Opiniones: end-of-life care preferences and planning of older Latinos

J Am Geriatr Soc. 2010 Jun;58(6):1109-16. doi: 10.1111/j.1532-5415.2010.02853.x. Epub 2010 May 7.


Objectives: To measure end-of-life (EOL) care preferences and advance care planning (ACP) in older Latinos and to examine the relationship between culture-based attitudes and extent of ACP.

Design: Cross-sectional interview.

Setting: Twenty-two senior centers in greater Los Angeles.

Participants: One hundred forty-seven Latinos aged 60 and older.

Measurements: EOL care preferences, extent of ACP, attitudes regarding patient autonomy, family-centered decision-making, trust in healthcare providers, and health and sociodemographic characteristics.

Results: If seriously ill, 84% of participants would prefer medical care focused on comfort rather than care focused on extending life, yet 47% had never discussed such preferences with their family or doctor, and 77% had no advance directive. Most participants favored family-centered decision making (64%) and limited patient autonomy (63%). Greater acculturation, education, and desire for autonomy were associated with having an advance directive (P-values <.03). Controlling for sociodemographic characteristics, greater acculturation (adjusted odds ratio (AOR)=1.6, 95% confidence interval (CI)=1.1-2.4) and preferring greater autonomy (AOR=1.6, 95% CI=1.1-2.3) were independently associated with having an advance directive.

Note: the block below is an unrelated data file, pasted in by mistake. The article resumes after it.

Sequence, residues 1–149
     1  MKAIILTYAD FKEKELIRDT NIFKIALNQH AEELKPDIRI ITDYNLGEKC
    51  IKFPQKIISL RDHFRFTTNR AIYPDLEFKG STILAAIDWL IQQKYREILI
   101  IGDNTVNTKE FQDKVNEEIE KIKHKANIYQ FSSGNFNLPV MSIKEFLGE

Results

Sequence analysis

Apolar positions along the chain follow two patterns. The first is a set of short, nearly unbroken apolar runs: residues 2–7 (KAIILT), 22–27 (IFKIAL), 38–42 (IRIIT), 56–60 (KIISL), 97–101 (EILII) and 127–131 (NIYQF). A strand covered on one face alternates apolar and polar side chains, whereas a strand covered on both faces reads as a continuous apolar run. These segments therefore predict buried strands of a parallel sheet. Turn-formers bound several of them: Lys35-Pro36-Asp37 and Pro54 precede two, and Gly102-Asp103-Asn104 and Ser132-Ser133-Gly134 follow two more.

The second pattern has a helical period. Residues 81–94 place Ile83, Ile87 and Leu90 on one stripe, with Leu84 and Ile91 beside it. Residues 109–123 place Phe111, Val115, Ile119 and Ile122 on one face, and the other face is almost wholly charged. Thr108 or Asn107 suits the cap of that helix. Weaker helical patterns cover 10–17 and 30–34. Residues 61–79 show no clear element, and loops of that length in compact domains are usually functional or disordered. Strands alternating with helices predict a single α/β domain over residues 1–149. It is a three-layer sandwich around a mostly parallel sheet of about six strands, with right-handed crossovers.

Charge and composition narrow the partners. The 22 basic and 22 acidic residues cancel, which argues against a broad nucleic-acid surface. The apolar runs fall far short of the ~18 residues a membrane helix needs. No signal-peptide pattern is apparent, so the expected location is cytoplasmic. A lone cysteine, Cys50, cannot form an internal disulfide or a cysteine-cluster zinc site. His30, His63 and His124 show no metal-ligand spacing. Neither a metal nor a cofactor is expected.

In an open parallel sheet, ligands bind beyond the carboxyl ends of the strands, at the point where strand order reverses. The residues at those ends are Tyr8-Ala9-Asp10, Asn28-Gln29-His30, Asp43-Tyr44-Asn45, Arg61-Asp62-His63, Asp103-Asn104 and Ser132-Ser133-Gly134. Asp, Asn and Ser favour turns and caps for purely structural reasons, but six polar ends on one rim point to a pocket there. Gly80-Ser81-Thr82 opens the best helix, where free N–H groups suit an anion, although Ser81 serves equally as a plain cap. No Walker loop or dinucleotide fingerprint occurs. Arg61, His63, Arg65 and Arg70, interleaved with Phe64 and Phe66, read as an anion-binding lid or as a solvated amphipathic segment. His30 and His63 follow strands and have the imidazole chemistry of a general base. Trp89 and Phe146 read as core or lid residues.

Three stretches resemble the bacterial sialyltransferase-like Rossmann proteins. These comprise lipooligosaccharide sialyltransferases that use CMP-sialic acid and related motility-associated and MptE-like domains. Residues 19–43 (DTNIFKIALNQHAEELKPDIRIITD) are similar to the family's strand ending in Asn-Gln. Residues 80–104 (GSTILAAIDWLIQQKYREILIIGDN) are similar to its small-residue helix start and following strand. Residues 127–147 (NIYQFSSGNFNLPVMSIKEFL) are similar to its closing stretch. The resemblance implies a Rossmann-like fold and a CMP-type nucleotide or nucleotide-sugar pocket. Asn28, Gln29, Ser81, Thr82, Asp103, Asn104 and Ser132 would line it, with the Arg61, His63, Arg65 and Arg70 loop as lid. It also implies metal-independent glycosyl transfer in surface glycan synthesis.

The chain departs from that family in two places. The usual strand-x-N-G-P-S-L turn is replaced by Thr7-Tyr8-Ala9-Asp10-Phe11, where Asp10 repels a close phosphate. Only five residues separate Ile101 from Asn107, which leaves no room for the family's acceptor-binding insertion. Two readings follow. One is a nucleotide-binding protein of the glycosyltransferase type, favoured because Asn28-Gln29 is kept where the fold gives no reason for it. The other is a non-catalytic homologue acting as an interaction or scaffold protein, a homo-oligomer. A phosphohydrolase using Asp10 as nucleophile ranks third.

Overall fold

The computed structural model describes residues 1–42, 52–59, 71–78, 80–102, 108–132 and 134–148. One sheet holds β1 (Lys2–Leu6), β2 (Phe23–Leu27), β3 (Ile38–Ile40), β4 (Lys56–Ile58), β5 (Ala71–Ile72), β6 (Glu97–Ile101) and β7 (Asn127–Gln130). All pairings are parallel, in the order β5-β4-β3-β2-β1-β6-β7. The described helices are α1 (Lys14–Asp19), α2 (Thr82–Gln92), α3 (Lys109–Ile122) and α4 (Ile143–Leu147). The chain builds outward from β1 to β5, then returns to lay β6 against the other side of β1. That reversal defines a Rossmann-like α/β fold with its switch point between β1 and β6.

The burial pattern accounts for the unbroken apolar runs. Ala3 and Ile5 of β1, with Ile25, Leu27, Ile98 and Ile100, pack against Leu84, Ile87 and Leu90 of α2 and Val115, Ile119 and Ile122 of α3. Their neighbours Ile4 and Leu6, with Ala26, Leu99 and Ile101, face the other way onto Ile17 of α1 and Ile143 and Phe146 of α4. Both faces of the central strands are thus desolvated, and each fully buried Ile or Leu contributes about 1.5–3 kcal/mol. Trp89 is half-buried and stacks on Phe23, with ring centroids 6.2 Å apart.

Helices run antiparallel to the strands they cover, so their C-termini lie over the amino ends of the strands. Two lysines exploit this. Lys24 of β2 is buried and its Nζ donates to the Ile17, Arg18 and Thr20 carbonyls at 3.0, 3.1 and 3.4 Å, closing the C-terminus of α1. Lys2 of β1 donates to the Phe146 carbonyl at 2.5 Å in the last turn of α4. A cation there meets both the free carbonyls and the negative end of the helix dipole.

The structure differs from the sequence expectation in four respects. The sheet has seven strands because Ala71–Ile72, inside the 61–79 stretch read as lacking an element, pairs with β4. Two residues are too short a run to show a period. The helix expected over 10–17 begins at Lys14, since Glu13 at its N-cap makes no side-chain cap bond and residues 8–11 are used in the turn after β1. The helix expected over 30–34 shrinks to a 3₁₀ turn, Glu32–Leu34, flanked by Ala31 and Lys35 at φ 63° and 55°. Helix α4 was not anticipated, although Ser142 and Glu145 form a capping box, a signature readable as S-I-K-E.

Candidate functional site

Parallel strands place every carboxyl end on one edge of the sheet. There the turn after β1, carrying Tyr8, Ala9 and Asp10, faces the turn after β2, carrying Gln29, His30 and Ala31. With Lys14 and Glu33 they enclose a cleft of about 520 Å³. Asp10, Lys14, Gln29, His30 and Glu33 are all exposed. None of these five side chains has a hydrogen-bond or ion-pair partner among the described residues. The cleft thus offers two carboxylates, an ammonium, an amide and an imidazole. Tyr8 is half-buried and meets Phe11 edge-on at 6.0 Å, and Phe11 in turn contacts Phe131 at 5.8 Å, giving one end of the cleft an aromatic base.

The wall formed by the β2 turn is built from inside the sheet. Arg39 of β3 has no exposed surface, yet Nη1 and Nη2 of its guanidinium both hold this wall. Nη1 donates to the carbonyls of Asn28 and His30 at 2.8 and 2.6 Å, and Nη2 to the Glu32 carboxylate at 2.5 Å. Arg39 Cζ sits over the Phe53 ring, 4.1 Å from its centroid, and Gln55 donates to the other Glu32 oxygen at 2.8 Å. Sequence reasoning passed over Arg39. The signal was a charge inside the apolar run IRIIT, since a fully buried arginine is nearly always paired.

Conclusions: The majority of older Latinos studied preferred less-aggressive, comfort-focused EOL care, yet few had documented or communicated this preference. This discrepancy places older Latinos at risk of receiving high-intensity care inconsistent with their preferences.

Publication types

  • Research Support, N.I.H., Extramural
  • Research Support, U.S. Gov't, P.H.S.

MeSH terms

  • Advance Care Planning*
  • Aged
  • Aged, 80 and over
  • Attitude to Death*
  • Chi-Square Distribution
  • Cross-Sectional Studies
  • Cultural Characteristics
  • Decision Making
  • Female
  • Hispanic Americans / psychology*
  • Humans
  • Interviews as Topic
  • Logistic Models
  • Los Angeles
  • Male
  • Middle Aged
  • Personal Autonomy
  • Quality of Life
  • Terminal Care / psychology*